Drones setting gold standard

Online Editor

John Frost explains how a large gold mine uses drone visualisation to measure stockpiles

When it comes to daily progress tracking with drones, few companies are operating on the scale of Nevada Gold Mines, a 40-mile stretch of land with four operating pits, which comprise one of the largest gold-producing complexes in the world.

To map, measure, and share accurate information about worksites, Nevada Gold Mines is using Trimble Stratus, a software that uses drones to enable quicker decisions, avoid mistakes, and grow profits. Powered by Propeller, this tool allows Nevada Gold Mines’ chief surveyor, Ben McKnight, to accurately measure stockpiles and make critical decisions based on how the site changes every day.

McKnight employs a high-tech surveying team with 17 field techs, 11 of whom are licensed drone pilots. Every morning, his team flies its armada of drones, gathering information his engineers and managers need to make smarter mining decisions.

Measuring stockpiles with heightened accuracy

While McKnight uses drone data for a variety of use cases, the most important is stockpile management. As one of his primary responsibilities, McKnight documents how much of each material the mine has on hand so it can frequently report these quantities to the materials processing plant. At the end of each month, McKnight must ensure that the drone data of material excavated, processed, and moved reconciles with his accounting.

Before Propeller, McKnight used terrestrial lidar for stockpile monitoring, but lacked the accuracy necessary for the size and scope of the project. Once he switched to drone visualisation, he immediately noticed a 30% discrepancy in the company’s stockpile inventory reporting with these old systems. McKnight employs AeroPoints, Propeller’s smart ground control points that allow him to obtain survey data to within a ¼-foot level of accuracy or less, to make sure the materials on the ground match up with his accounting calculations. In fact, when using Propeller's recommended workflow, PPK customers can expect to achieve up to a tenth of a foot accuracy by using these ground control points. McKnight and his team conduct surveys early in the morning, flying multiple drones to cover the massive site. By 11am, the data has been captured and uploaded to Propeller where it is processed into a current picture of materials available for McKnight and the materials processor.

On a site as consistently evolving as Nevada Gold Mines, daily drone flights are important to obtain an accurate understanding of how stockpiles change in real time, especially since some stockpiles have materials added on top of them throughout the day. In addition to the morning drone flight schedule, McKnight sometimes orders shorter drone flights to recalculate materials on-site, creating more accuracy for the team. One final longer drone flight at the end of every month provides a more granular view of the site, ensuring that actual stockpile volumes line up exactly with accounting records.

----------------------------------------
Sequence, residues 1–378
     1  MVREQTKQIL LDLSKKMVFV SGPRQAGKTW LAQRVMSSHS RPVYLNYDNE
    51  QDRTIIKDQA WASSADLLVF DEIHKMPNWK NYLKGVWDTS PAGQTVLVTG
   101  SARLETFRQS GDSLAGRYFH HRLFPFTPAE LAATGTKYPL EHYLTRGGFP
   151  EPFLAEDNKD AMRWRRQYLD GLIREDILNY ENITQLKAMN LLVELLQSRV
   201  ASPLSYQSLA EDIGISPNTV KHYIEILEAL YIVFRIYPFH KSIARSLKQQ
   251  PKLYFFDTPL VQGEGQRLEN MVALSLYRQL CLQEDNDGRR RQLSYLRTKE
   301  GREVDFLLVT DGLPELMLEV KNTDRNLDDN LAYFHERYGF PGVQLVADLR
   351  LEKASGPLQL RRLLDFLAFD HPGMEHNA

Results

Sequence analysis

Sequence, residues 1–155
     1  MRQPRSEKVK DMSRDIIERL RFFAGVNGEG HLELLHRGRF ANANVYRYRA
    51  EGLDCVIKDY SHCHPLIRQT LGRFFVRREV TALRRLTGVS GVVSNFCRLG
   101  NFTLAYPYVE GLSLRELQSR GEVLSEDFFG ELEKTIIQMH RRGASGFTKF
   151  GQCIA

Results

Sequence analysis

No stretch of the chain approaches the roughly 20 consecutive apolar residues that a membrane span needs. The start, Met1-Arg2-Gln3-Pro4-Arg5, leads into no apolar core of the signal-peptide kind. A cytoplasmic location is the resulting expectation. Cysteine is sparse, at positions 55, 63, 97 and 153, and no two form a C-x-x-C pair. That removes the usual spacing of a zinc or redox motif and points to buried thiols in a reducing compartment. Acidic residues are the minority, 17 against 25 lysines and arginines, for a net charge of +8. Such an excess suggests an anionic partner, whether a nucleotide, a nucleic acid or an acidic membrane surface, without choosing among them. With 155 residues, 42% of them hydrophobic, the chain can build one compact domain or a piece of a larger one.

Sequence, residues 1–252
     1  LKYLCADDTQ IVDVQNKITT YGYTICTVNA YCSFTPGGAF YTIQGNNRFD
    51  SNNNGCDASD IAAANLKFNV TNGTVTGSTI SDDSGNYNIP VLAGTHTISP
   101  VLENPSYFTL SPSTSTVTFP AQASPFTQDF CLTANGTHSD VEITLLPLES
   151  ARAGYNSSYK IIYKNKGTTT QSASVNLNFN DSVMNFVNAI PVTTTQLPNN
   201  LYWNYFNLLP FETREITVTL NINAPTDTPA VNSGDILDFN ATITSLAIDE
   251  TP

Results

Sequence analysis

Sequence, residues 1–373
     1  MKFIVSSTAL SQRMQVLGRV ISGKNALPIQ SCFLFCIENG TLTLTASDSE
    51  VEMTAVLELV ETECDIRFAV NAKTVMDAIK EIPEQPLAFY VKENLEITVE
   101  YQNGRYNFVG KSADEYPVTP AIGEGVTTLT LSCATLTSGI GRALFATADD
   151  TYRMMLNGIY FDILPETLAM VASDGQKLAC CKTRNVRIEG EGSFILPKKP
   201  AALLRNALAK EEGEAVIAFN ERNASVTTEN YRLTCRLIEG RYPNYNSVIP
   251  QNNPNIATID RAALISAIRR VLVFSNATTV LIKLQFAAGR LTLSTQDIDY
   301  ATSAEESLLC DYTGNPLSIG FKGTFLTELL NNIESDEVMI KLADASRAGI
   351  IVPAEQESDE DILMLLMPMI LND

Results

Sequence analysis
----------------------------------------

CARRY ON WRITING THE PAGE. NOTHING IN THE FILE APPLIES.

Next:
With accurate stockpile data, McKnight can easily export it into a comprehensive report on stockpiles and share it across the organization, enabling anyone on the greater Nevada Gold Mines team to easily read and understand the data. Nevada Gold Mines’ metallurgical department integrates Propeller’s software with their own tracking platform to import the report and automatically update their material trackers.

Choosing the right software

For McKnight, technological adoption has long been a top priority; he’s been experimenting with integrating drones into his teams’ workflows for over a decade. For him, the best drone software eliminates bottlenecks while managing terabytes of inbound survey data for each flight. On top of that, McKnight sought to expand beyond stockpile measurement to tasks such as inspecting haul roads.

With the latest iteration of software, McKnight’s team shares large orthophoto and point cloud files more easily with parties inside and outside the organization, while avoiding having to store heaps of data on their local devices. Propeller’s interactive and realistic 3D models help McKnight distill complex survey data into visual representations that his non-surveyor co-workers can understand, saving time and streamlining communication. With Propeller’s coordinate system flexibility, McKnight can apply drone surveys to different data sets, all referenced through WGS 84. In the case of Nevada Gold Mines, the site operates two older mining locations, originally set up in different, non-localised coordinate reference systems, so coordinate flexibility helps McKnight maintain consistency across these sites. Finally, Propeller's ease of use allows the team to quickly pull stockpile volumes and measurements on their own, eliminating bottlenecks and delays in getting to the data. Propeller's adaptability to different drone hardware, including the DJI Phantom 4 RTK, means McKnight doesn't have to worry about interrupted service with Propeller should he need to change or upgrade a drone in his fleet.

With accurate drone surveys in hand, McKnight and his team have boosted profitability, efficiency, and materials tracking accuracy across one of the largest gold-producing complexes in the world, setting the gold standard for what’s possible with drone surveying.

John Frost is with Propeller Aero

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